5 March 2013

REVIEW: Glasgow Girls receives standing ovation

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Production image from Glasgow Girls. Photo: Stratford East

You know how it is with Brits and standing ovations. They just don’t feel it is right. There’s that moment at the end of a play, when some over enthusiastic people start to jump to their feet, and the rest of the audience mutters. But the audience at Theatre Royal Stratford East were having nothing to do with such mild mannered niceties, writes Rachael Jolley.

After the performance of the National Theatre of Scotland’s Glasgow Girls last Friday, they jumped to their feet and roared their approval and wouldn’t stop. The cast looked slightly stunned by the audience’s reaction, but it was a reflection of a truly exciting musical play.

This  production came to Stratford after a run in Scotland where it got rave reviews, and is no doubt about to get booked for another run somewhere soon.

Events are based around real stories about a Scottish school which admits some refugees as students, and what happens next.

It’s a dramatic tale told through songs and dialogue. The lyrics have a freshness and directness to them that cuts through all of that potential naffness, added to which is a fair bit of unexpected comedy, as well as lashings of Scottish in-jokes. All the action takes place against the backdrop of a grey, looming block of flats, which turns itself into various homes as the action moves on.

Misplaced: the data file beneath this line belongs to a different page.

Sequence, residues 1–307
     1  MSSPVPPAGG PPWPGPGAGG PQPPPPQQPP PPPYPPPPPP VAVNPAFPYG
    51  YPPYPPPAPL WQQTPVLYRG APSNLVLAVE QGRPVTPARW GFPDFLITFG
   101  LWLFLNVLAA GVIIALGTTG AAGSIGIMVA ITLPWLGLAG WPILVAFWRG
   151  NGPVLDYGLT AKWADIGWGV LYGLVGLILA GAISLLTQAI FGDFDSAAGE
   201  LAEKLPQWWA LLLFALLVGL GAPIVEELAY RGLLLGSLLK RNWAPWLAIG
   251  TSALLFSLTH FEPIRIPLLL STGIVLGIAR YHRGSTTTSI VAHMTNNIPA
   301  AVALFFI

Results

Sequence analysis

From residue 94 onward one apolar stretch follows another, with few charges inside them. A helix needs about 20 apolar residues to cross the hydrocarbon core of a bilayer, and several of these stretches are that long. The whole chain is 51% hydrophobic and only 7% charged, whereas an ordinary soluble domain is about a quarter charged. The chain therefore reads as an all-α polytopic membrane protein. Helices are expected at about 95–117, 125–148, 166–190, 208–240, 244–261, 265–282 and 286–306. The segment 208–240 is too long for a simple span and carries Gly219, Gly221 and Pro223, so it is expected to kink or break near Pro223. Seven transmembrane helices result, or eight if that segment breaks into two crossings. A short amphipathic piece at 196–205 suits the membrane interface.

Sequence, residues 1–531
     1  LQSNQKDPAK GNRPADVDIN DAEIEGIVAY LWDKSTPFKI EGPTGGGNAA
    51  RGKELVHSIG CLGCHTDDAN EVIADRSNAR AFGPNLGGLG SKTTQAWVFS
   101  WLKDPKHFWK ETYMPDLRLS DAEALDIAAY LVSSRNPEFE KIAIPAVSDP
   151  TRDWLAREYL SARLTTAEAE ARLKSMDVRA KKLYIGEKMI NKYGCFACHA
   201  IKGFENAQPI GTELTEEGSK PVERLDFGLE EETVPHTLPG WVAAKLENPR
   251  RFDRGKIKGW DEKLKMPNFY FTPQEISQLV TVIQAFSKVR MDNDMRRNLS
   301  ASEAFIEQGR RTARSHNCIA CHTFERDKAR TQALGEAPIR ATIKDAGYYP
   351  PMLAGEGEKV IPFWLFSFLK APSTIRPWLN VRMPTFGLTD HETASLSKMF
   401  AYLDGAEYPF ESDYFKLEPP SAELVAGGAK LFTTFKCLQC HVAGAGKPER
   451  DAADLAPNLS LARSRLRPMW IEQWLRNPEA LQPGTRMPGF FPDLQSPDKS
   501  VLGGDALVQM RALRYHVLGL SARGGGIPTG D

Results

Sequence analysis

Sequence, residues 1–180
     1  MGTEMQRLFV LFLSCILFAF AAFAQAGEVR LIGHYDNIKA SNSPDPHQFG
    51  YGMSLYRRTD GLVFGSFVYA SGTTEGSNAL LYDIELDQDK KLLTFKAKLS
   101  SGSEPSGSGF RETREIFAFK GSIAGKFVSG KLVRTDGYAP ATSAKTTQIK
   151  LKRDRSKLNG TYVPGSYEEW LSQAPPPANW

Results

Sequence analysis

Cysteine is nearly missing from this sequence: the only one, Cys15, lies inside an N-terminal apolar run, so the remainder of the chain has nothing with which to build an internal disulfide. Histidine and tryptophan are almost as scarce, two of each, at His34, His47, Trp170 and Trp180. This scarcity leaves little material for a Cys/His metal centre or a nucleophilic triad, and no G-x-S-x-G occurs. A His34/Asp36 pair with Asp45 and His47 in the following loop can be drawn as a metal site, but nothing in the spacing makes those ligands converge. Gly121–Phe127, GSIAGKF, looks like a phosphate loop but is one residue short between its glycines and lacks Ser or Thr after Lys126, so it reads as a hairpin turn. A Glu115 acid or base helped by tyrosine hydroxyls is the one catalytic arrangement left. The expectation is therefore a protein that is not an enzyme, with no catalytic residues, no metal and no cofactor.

The most incredible thing is the energy of the actors playing the seven teenage girls, a group of friends at Drumchapel High School who formed a group made up of refugees and locals, and who fought for their friends to be released once the officials from the UK Border Agency knocked on their doors and ghosted them away.

Teachers and other adults are played magnificently by Callum Cuthbertson, who is mainly on stage as the girls’ teacher, and Myra McFadyen, who had a wonderful way with a comic line, and played the leader of the local women in the flats, as well as the headmaster, and could make the audience collapse into giggles in seconds.

The play had an agit-prop feel, which felt appropriate in the former home of  Joan Littlewood’s Theatre Workshop. The UKBA officers were roughly drawn, in dark uniforms, and with a rather one-dimensional nastiness that would have undermined the play if it was a lesser piece of writing. But no one could fail to be engaged by the six young actors, who jumped, sang and dance like there was no tomorrow, with energy that filled the theatre and took the roof all the way off.

Glasgow Girls has just finished its run at Stratford East. For news of future performances see:


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